Review by WishingTikal
Reviewed: 03/02/05 | Updated: 07/27/05
A good attempt at trying to recreate the same atmosphere as the book, but it's missing that little touch of magic the book has
There have been several attempts at making games based on Tolkien's The Lord of the Rings in the last 20 years, but none of them came close to be as grandiose as the novel. This new attempt at re creating The Lord of the Rings universe, Black Label's The Fellowship of the Ring, falls in the category of poorly designed LOTR games. It only covers the first book of the trilogy, and to make things even worst, it's very short. I enjoyed playing through it as a LOTR fan, but as a gamer, this game is ultimately disappointing.
If you have played the Lord of the Rings game on SNES, then imagine the same game but in 3D, and you get Black Label's Fellowship of the Ring. You start off in Hobbiton, as Frodo, and after some nice cutscenes introducing you the story, the quest begins. You will be left wandering around Hobbiton, talking to the villagers to receive some quests that will be listed in the quest screen. Some are optional, but you can do them to get items. When you're tired of doing all those pointless sidequests, you can leave Hobbiton and really start the adventure. You will then travel through the same locations as the book, like the Old Forest, Bree Village, WeatherTop, Rivendell, Moria Mines, Lothlorien and all the others. We can give some credit to the game for following the book very closely. Everything's there, even Tom Bombadill. The game has a pretty dark atmosphere though, and scary at times.
Even though the adventure that awaits you sounds exciting, it is not. In all "levels", if we can them that, all you'll be doing is start from point A and walk to point B, while killing the enemies along the way. The combat system is pretty standard, you have a weapon to hit the enemy and you press the right button to hit it until it dies. Usually, you will have a sidekick helping you with the enemies, since sometimes there are a lot and it would be impossible to take them down alone. The AI worked fine for me, my sidekick was killing everything for me most of the time.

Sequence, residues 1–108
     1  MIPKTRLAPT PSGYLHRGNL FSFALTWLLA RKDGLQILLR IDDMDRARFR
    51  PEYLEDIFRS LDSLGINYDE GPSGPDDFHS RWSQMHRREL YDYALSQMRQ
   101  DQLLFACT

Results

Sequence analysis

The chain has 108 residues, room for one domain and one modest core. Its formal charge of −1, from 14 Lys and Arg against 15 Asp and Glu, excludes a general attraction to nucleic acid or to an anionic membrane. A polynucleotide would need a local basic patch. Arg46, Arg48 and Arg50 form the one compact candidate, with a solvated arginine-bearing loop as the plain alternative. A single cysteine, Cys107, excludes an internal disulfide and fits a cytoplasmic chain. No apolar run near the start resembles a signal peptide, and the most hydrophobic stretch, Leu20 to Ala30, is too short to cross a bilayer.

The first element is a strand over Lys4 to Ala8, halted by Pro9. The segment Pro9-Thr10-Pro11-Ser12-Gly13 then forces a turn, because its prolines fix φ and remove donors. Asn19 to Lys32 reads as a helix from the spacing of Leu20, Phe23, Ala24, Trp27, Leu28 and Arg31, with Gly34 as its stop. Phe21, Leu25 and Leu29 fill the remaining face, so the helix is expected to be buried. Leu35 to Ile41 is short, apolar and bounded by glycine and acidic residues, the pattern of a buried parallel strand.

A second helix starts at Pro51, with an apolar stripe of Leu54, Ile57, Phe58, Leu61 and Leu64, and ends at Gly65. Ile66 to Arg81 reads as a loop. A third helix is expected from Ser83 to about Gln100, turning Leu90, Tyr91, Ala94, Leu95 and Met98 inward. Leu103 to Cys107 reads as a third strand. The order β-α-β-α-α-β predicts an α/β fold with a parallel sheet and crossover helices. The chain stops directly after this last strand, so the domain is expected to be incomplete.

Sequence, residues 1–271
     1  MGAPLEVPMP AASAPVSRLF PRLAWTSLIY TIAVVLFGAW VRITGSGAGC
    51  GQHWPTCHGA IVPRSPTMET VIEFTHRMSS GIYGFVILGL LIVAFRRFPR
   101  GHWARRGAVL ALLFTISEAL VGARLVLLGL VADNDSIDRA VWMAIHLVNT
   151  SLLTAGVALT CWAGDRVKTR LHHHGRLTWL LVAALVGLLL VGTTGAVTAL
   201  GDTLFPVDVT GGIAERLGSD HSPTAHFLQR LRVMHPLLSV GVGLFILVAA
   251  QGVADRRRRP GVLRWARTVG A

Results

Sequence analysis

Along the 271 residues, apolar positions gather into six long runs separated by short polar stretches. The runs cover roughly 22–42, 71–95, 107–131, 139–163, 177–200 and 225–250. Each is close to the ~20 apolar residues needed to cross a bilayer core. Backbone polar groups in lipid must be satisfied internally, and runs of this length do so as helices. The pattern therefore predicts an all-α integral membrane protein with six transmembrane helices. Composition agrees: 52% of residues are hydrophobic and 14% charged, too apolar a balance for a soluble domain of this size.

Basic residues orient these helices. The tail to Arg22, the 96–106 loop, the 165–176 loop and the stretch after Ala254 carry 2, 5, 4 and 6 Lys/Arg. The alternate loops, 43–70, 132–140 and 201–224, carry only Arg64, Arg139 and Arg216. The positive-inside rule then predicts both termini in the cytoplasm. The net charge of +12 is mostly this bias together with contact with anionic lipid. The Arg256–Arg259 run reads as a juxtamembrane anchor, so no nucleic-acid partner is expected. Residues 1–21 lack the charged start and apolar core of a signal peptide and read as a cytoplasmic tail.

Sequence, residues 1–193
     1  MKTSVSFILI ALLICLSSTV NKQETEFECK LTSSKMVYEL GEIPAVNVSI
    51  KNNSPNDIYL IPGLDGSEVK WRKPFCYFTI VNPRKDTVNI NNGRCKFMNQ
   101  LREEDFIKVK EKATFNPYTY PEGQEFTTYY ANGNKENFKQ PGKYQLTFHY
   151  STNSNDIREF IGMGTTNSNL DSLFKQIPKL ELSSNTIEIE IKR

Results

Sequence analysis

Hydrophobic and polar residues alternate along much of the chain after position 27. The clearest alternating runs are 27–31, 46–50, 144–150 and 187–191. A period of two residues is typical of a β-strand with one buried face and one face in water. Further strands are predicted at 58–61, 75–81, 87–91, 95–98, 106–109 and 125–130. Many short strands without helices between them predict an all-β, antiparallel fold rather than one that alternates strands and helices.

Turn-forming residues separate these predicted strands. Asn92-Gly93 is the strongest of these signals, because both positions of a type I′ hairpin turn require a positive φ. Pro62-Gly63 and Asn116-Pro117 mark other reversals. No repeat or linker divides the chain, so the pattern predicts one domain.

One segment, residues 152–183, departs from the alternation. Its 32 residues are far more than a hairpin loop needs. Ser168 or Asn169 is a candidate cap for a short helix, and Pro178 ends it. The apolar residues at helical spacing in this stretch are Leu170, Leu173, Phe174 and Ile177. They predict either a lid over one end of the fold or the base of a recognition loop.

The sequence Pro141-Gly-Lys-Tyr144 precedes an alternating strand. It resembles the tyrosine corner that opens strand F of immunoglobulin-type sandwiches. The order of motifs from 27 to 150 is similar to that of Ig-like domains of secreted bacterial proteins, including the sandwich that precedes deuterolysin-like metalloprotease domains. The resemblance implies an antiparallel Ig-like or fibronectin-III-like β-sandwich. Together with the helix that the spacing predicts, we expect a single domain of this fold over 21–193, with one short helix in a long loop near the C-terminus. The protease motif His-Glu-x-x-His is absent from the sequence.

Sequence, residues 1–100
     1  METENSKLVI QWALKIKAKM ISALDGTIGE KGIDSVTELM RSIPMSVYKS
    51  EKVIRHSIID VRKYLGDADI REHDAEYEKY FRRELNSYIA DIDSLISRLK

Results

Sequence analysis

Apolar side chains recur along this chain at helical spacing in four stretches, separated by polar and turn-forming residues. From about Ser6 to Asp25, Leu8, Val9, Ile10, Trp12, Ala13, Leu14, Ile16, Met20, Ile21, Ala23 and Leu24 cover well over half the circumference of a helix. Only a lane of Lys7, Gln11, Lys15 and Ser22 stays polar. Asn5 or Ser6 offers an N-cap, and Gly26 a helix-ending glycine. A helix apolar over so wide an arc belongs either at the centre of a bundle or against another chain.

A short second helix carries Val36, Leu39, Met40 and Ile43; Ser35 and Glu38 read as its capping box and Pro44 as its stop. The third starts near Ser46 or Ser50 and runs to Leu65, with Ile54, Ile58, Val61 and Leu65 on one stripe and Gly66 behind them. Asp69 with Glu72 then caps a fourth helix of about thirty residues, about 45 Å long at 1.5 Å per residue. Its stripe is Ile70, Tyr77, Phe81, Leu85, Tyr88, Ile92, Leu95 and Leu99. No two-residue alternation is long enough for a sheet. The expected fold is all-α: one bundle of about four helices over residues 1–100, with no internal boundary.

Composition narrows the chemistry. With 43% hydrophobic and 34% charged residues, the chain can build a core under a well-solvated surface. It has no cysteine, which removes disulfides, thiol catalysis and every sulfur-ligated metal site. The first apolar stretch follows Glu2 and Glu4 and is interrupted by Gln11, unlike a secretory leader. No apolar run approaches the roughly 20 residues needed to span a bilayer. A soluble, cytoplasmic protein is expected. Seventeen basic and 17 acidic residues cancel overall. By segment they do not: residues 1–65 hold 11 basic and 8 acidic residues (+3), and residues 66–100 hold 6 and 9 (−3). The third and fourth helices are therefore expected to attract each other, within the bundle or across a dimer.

At the beginning of the game, you will be playing as Frodo, armed with a walking stick, some rocks and later a dagger (replaced by Sting at the end), but as you advance further into the game, you will also play as Aragorn, with a sword and a bow, and later on with Gandalf, who can use spells and his sword. While playing as Gandalf is pretty cool, he is probably the most annoying character to use. I always had to go in the menu to switch from one spell to the other, or to heal him, etc. Controlling the characters is also pretty hard, as the game doesn't play with gamepads so you'll have to play with the keyboard and mouse. At first it feels a bit awkward and frustrating, but after a while, it plays okay.
So, to sum up things, the game follows the first book very well and tries to re create the same atmosphere, but the levels are too bland and empty, the gameplay is too focused on boring combat and you can't explore the areas because of the linear path. If you like adventure games where all you do is wander around killing enemies, then you'll probably like the game. The landscapes you explore are pretty interesting in design, but just too bland and empty as there's just nothing to do while you wander around. The game can last a few days, but it's very short.
The graphics aren't very good for a PC game, but it's a port from the PS2 version, so with that in mind, they are all right. Nothing spectacular, but the landscapes and sceneries are nice. The character models in the cutscenes are pretty bad, but the FMVs look great. The animations lack effects like lighting sparkles, especially when using Gandalf's spells. Very so-so graphics.
Most of the key moments of the game like important cutscenes and places feature very nice orchestrated music that fit Tolkien's universe perfectly. However, the rest of the game is played while listening to very bland music that breaks the atmosphere a bit. Sounds are good, voice-acting is decent.
This game is far from being an epic. LOTR fans like me should enjoy it for what it offers, but if you haven't read the book, I would suggest you not even trying this game as it's nothing like the movie, qualitywise. Good effort, Black Label, but it wasn't enough. It's just not as immersive as the book is.
Rating: 3.0 - Fair
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